Who Am I – Practicing Self Inquiry

Who Am I

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Who am I is not a question one typically asks . It’s more of a religious query — one asked by a person in crisis . . .

Who Am I

“Who Am I” is not a question one typically asks. It’s more of a religious query — one asked by a person in crisis. It comes up in the teachings of many spiritual leaders, and it comes up, too — and powerfully — in Buddhism. It’s usually not a question that’s asked by people who are killing it in the world. It’s more likely asked by someone in prison, or in a broken relationship, or someone in a crisis or about to die. 

What Is Suffering?

Though many clients come to see me for spiritual exploration, or to thrive, or to maintain their good graces with health and well being, or to remain functional, active, and alive, most folks come to me because they are in pain. So, pain is somehow the basis of my relationship to the majority of people I see.  My feelings about this situation are always mixed because while I don’t like to see humans suffer, I understand that we all tend to be more real when we’re in pain, and such authenticity, such genuineness, is a satisfying foundation for human relations. When life is going well, most people don’t tend to question things. We tend to question when we’re suffering. But what, in fact, is suffering? 

The Buddha’s first truth says, “Life is suffering.” Therefore, to ignore suffering in our life, according to Buddha, is to ignore life itself. 

But in seeming contradiction to the basic truth of suffering, Buddha offers the eightfold path away from suffering. The three truths that follow the Buddha’s first are: (1) there are causes of suffering, (2) we can understand the causes of suffering, (3) by living according to the noble eightfold path — right understanding, right thought, right speech, right action, right livelihood, right effort, right mindfulness, and right concentration — we can overcome the causes of suffering.

To say what the noble eightfold path is, and what’s required to practice it, is beyond the scope of this letter. According to Buddhism, one cannot escape the suffering of life without complete devotion, especially to one’s teacher. This has always been the way with Buddhism, because to practice the Noble Eightfold Path is to practice devotion. It is Purity. The way of no-self. Therefore, realization for Buddha is devotion to the way of the Buddhas: to do no evil, to do all good, and to be beneficial to all sentient beings. 

Seeking a Solution

At the age of 17, I decided to enroll at a particular university to study political philosophy with a particular professor. I thought that by studying political philosophy I could understand how to live in the world.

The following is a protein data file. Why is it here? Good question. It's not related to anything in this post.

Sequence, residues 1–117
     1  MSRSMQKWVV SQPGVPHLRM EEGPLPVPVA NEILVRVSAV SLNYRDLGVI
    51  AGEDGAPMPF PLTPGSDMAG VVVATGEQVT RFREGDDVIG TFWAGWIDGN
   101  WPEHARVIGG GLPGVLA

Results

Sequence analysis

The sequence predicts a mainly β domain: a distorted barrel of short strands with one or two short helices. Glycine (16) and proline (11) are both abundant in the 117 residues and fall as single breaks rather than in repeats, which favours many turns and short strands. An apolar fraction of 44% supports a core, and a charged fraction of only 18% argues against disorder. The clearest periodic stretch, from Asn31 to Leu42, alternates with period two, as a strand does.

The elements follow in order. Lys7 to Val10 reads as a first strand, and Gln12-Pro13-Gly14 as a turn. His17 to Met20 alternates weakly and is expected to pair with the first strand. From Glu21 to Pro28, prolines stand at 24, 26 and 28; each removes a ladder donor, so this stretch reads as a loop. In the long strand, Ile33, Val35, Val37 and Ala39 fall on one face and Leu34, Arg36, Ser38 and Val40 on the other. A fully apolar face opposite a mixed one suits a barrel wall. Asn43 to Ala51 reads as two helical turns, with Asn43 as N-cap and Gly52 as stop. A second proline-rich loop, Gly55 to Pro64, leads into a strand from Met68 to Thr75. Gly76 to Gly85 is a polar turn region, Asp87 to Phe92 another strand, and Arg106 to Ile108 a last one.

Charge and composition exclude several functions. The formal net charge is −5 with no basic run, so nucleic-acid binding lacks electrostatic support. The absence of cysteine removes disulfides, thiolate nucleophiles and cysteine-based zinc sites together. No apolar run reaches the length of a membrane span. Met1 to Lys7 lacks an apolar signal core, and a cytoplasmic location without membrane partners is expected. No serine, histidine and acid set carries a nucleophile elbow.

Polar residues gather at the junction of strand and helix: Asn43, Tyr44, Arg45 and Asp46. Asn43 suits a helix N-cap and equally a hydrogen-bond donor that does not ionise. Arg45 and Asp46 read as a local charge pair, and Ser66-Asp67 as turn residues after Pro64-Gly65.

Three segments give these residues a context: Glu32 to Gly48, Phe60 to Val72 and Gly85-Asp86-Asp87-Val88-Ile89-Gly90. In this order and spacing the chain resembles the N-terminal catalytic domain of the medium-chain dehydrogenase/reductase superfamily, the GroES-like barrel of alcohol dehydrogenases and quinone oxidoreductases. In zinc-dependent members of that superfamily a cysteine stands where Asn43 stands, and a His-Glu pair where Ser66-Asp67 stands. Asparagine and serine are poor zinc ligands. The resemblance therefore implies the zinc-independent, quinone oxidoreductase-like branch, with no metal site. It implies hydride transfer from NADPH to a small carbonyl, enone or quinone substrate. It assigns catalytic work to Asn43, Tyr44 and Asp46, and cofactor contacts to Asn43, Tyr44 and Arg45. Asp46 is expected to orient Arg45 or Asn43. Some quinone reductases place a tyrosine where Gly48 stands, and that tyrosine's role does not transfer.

In addition to philosophy I studied, Greek drama, literature, theater, and writing. It was a lovely time. Sometimes when I sat in the library it would rain  and the sound of the rain’s heavy drops against the high panes of glass were ever more friendly and gentle toward me than whatever I was reading . The concepts that  filled my mind, as well as my attitude and relationship to them — the irony of virtue in Plato’s Meno, Coleridge’s wild Biographia Literaria, or Nietzsche’s analysis of morality —didn’t help me to live as grandly as the surrounding redwoods, the nearby ocean, or the quiet, somber mist, guided me to. Indeed, lost as I was to mentation, nature’s subtle lead often eluded my conscious recognition.

To the extent that  I sought a solution to the world’s problems (as most passionate nineteen year-olds want to do) I became increasingly confused about the source of truth. I began to wonder: what should I do with my life? How should I live? 

I Think Therefore I Am

Any assertion of one proposition requires the denial of another, so every assertion has an opposite. Descartes sought to establish the certainty of truth with his cogito ergo sum — He argued that one cannot not exist while saying “I think, therefore, I am.” Because to say such a thing one must exist to say it. On the other hand, someone might counter: “You do not exist! The thing called thinking exists before you. You have proven nothing about your existence at all. Rather, the thinking mind of God has proven — linguistically — the existence of you. Can’t you see? Truth depends on the assumptions one adopts and those assumptions are arbitrary based on one’s convenience, point of view, interests, and purpose.” And on and on.